After the Gothic conquest of Italy at the end of the fifth century, modern Lazio became part of the Ostrogothic Kingdom, but after the Gothic War between 535 and 554 and conquest by the Byzantine Empire, the region became the property of the Eastern Emperor as the Duchy of Rome. However, the long wars against the Longobards weakened the region. With the Donation of Sutri in 728, the Pope acquired the first territory in the region beyond the Duchy of Rome.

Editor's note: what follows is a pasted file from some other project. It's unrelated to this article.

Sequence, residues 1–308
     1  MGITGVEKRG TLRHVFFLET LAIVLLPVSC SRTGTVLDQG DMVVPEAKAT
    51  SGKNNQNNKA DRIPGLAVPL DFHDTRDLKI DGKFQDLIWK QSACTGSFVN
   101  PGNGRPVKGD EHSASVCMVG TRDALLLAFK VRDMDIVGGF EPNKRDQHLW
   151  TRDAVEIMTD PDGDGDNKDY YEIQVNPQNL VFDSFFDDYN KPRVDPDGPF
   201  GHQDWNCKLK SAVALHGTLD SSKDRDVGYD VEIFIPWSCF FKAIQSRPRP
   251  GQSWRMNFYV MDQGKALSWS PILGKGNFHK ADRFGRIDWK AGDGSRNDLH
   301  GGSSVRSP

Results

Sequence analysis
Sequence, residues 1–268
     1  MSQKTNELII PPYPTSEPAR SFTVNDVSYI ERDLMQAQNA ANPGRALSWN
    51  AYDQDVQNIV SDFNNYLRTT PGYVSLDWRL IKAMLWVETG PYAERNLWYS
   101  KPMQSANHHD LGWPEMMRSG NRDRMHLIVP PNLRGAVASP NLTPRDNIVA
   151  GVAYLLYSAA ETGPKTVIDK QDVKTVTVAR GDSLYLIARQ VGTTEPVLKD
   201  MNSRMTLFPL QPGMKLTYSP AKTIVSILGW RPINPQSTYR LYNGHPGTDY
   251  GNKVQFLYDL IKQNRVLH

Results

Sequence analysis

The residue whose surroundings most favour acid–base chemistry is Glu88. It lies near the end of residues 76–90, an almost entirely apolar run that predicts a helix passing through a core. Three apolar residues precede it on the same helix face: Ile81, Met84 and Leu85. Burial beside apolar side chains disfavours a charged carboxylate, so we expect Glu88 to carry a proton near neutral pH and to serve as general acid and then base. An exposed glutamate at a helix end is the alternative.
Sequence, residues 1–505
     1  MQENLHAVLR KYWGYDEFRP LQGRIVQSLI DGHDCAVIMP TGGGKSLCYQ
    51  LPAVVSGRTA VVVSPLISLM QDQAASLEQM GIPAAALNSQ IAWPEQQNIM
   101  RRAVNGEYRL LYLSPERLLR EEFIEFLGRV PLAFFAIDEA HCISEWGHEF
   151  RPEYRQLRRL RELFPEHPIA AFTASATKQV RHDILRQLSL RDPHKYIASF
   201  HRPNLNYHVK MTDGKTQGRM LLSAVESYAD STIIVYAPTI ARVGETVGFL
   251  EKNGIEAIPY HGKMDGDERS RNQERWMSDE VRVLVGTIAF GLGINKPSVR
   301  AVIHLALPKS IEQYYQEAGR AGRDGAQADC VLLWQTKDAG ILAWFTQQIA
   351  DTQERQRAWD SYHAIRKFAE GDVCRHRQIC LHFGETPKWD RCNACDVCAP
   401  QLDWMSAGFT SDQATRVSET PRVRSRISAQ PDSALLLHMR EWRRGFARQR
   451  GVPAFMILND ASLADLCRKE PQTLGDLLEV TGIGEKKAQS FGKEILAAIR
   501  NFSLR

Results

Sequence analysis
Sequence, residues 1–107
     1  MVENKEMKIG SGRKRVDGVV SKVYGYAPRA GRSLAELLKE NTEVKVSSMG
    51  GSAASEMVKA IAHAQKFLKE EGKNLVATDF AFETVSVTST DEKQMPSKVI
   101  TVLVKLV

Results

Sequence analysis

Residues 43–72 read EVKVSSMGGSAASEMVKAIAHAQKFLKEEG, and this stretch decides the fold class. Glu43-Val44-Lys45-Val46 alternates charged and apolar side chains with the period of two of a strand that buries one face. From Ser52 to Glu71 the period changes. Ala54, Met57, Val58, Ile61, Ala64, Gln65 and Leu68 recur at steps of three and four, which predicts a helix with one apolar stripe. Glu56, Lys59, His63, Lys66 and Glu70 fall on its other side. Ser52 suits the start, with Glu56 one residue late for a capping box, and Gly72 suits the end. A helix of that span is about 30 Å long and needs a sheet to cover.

The strengthening of the religious and ecclesiastical aristocracy led to continuous power struggles between secular lords ( Baroni ) and the Pope until the middle of the 16th century. Innocent III tried to strengthen his own territorial power, wishing to assert his authority in the provincial administrations of Tuscia, Campagna and Marittima through the Church's representatives, in order to reduce the power of the Colonna family. Other popes tried to do the same. During the period when the papacy resided in Avignon, France (1309–1377), the feudal lords' power increased due to the absence of the Pope from Rome. Small communes, and Rome above all, opposed the lords' increasing power, and with Cola di Rienzo, they tried to present themselves as antagonists of the ecclesiastical power. However, between 1353 and 1367, the papacy regained control of Lazio and the rest of the Papal States. From the middle of the 16th century, the papacy politically unified Lazio with the Papal States, [7] so that these territories became provincial administrations of St. Peter's estate; governors in Viterbo, in Marittima and Campagna, and in Frosinone administered them for the papacy.